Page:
Leading up to the Beijing Review: Strategising for Section J
NEW YORK, United States, 19 March 2014 (Isis International)
A strategising meeting for Beijing Platform for Action (BPFA) Section J was held on 13 March at the Vienna Cafe in the UN Building during this year’s UNCSW 58. The meeting was attended by representatives of the Association for Progressive Communications (APC), Isis International, the Women and Media Collective, and Search for Common Ground.
This UNCSW is of major significance as it prepares for the +20 Review next year. In this historical review, the Beijing Platform for Action, the post-2015 development agenda and the Millennium Development Goals, will be merged into one agenda in the attempt to craft a transformative plan that not only looks at empowerment and development but attempts to transform structural areas using the BPFA 12 Critical Areas of Concern as the pillars for transformation. How the women’s movement strategises to participate in this Review will be important.
As media/ICT groups attending the UNCSW and concerned with Section J of the BPFA, the focus of the meeting was how to plan for Beijing+20, emphasising Section J concerns, particularly the use of all media and ICTs to be seen as an issue that cuts across all the 12 critical areas of concern in the BPFA. One key strategy is the need to frame issues from the women’s movements’ perspectives and integrating media issues within a feminist framework in assessing the gaps. Strategies for this can include such projects as women’s groups writing stories about the development of women’s media networks, highlighting challenges and successes since 1995. Another key issue identified is the engagement of young people in ICT, especially in the role of social media, an area that has been growing exponentially, primarily with the heavy usage by younger netizens. Even within women’s organizations, many young people have been brought in to work and there is a need to connect the young amongst the women’s media groups and networks.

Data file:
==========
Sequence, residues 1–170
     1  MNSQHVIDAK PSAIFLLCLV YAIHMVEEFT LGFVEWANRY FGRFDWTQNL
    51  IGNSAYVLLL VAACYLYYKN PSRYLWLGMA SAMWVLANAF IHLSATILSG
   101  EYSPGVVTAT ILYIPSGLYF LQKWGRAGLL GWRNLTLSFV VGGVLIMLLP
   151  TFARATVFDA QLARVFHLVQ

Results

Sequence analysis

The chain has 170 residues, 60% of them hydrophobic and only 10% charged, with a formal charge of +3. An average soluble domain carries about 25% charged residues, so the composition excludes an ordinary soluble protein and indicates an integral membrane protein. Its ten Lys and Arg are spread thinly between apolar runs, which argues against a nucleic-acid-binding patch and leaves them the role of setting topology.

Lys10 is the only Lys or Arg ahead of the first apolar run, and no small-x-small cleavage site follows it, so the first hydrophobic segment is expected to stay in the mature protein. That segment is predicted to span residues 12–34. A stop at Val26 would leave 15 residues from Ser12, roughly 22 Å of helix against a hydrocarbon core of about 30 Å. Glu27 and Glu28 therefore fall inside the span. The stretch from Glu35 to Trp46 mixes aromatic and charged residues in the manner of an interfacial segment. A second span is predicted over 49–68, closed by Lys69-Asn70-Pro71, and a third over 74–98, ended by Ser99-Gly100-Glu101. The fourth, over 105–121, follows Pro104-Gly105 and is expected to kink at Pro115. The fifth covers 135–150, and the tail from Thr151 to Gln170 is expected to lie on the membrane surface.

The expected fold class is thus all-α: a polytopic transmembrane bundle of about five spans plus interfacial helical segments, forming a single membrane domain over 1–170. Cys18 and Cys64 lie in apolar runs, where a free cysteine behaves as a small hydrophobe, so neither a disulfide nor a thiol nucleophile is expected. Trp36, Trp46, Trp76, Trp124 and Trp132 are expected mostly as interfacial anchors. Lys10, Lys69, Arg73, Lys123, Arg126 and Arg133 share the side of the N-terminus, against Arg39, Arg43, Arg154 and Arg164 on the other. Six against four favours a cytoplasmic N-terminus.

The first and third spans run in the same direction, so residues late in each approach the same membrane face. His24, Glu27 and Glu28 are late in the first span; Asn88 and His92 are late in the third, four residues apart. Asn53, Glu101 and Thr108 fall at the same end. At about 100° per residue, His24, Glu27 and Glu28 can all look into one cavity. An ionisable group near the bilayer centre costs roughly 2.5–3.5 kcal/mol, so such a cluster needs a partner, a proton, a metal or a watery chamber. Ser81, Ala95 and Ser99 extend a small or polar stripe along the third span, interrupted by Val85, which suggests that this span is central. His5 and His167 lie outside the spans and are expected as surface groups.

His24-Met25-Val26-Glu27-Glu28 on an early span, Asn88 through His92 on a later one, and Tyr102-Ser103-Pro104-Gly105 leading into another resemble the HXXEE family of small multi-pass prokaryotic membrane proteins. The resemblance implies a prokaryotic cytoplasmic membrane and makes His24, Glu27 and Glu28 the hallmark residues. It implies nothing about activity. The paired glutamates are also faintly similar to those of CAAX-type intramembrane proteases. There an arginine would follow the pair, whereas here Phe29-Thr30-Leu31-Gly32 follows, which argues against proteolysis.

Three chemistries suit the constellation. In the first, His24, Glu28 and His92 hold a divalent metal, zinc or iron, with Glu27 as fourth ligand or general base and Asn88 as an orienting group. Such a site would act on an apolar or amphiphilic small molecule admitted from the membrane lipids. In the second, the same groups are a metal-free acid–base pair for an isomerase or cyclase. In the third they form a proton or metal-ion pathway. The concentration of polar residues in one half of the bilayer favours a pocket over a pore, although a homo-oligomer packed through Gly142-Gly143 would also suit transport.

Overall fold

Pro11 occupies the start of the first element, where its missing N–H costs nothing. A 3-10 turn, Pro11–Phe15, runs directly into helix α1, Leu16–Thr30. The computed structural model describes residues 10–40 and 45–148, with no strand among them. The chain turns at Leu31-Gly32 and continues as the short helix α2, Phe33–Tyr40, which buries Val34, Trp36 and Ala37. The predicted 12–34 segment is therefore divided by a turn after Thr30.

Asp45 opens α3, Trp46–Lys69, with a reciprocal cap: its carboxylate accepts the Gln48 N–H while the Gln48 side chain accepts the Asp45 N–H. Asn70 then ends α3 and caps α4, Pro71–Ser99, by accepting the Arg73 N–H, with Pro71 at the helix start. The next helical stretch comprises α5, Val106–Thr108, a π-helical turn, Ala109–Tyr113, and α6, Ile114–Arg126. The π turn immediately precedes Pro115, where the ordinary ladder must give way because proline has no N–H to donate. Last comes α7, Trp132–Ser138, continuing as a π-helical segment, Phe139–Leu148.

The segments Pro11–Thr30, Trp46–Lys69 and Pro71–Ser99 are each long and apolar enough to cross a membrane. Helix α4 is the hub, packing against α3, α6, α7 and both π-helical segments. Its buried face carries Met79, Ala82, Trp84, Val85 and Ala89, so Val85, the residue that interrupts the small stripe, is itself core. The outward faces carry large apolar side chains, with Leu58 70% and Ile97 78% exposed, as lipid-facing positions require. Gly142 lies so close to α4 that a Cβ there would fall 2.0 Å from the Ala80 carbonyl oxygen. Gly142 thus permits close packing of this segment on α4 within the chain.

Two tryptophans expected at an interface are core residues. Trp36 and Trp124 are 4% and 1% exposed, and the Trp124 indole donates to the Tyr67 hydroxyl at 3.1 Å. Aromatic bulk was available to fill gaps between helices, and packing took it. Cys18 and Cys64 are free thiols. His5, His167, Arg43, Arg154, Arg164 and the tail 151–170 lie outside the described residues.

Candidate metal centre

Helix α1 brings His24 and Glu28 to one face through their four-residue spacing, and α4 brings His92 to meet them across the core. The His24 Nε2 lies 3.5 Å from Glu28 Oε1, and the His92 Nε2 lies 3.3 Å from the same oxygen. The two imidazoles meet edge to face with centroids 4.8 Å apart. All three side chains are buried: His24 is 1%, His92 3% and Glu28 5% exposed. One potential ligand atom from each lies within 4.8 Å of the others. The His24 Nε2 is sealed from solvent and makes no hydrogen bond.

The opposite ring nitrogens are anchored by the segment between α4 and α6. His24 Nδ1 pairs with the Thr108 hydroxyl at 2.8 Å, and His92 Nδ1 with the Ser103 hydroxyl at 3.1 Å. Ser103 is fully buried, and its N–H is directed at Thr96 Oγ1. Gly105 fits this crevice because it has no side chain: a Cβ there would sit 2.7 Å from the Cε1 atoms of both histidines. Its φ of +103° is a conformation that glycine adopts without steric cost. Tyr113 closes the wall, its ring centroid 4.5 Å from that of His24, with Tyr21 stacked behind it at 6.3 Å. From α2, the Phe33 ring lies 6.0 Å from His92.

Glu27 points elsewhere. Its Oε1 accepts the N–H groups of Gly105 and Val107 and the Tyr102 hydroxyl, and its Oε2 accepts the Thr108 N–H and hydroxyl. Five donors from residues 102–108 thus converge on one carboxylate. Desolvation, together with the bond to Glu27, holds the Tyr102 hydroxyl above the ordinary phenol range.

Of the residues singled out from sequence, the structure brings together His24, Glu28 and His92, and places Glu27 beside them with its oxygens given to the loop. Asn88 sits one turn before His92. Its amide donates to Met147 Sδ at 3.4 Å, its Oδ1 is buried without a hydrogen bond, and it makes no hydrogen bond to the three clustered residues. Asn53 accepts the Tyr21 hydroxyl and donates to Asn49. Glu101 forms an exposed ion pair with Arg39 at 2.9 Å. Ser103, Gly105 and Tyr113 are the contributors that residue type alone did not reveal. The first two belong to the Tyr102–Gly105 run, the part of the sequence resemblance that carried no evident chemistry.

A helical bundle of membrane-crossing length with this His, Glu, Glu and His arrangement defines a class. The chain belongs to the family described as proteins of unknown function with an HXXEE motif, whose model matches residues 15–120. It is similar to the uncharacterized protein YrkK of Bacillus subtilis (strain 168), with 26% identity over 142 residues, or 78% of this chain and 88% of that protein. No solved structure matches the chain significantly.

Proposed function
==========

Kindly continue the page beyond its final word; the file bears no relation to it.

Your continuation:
The meeting also identified initial strategies to identify and engage key allies to discuss ongoing plans. The Review is also seen as a good opportunity to link community radio movements as part the women’s movement and to look at good models of CSO/UN media engagements since 1995. One concrete suggestion that emerged is to revitalise the Women’s Media Pool email list that had been instrumental in the 2005 Review. This email list provided a necessary linkage amongst the various women’s media and info-comm groups. In addition to this, other potential key allies were identified. They are the International Women’s Media Foundation, the UNESCO Global Alliance on Media and Gender (GAMAG), the IFEX free expression network, the International Association of Women in Radio and Television (IAWRT), World Association for Christian Communication (WACC), and the World Association of Community Radio Broadcasters (AMARC).
All media groups who would like to link up and or get more information, please get in touch with any one of the the following:
Luz Martinez and Nicole Hutchison
Facebook page: IsisInternationalOrg
Women and Media Collective
Jan Moolman, Jac sm Kee, Dafne Sabanes Plou
Search for Common Ground
Rahmi Dian Agustino